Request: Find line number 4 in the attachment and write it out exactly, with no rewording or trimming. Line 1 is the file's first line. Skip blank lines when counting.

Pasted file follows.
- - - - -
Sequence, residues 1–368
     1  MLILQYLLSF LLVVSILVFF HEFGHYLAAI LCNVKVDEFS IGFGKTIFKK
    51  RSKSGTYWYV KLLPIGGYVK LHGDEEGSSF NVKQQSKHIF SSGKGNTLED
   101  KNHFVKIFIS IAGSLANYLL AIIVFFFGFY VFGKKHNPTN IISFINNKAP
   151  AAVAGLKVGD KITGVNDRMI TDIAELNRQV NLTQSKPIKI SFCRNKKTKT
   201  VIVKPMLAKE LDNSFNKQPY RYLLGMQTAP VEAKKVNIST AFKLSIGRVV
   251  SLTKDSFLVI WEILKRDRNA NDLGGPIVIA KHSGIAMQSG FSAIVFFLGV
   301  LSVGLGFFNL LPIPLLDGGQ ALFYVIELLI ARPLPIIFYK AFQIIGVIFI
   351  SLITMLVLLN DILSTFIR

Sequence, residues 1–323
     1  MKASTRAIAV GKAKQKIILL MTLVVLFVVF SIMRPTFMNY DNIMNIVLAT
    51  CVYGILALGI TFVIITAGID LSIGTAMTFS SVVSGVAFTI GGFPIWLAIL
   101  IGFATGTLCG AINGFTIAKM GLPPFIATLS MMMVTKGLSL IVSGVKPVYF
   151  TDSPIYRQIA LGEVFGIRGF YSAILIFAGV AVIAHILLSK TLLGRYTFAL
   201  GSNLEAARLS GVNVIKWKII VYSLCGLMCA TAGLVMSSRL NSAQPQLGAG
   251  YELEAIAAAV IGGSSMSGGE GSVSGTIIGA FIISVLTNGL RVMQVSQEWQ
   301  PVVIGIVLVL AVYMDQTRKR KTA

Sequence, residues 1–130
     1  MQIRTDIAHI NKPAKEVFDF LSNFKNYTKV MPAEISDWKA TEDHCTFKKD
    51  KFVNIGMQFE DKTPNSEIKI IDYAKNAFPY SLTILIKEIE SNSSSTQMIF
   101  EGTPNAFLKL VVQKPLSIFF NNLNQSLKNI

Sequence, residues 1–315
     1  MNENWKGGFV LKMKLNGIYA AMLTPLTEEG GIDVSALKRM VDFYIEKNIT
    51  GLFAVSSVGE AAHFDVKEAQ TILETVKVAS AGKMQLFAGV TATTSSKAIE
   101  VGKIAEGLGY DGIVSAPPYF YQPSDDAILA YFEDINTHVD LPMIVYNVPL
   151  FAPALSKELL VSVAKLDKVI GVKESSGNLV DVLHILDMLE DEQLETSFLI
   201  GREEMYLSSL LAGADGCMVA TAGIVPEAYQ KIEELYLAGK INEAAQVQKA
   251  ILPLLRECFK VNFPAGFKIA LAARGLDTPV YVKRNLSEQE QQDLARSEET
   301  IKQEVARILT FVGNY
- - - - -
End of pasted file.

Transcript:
   101  KNHFVKIFIS IAGSLANYLL AIIVFFFGFY VFGKKHNPTN IISFINNKAP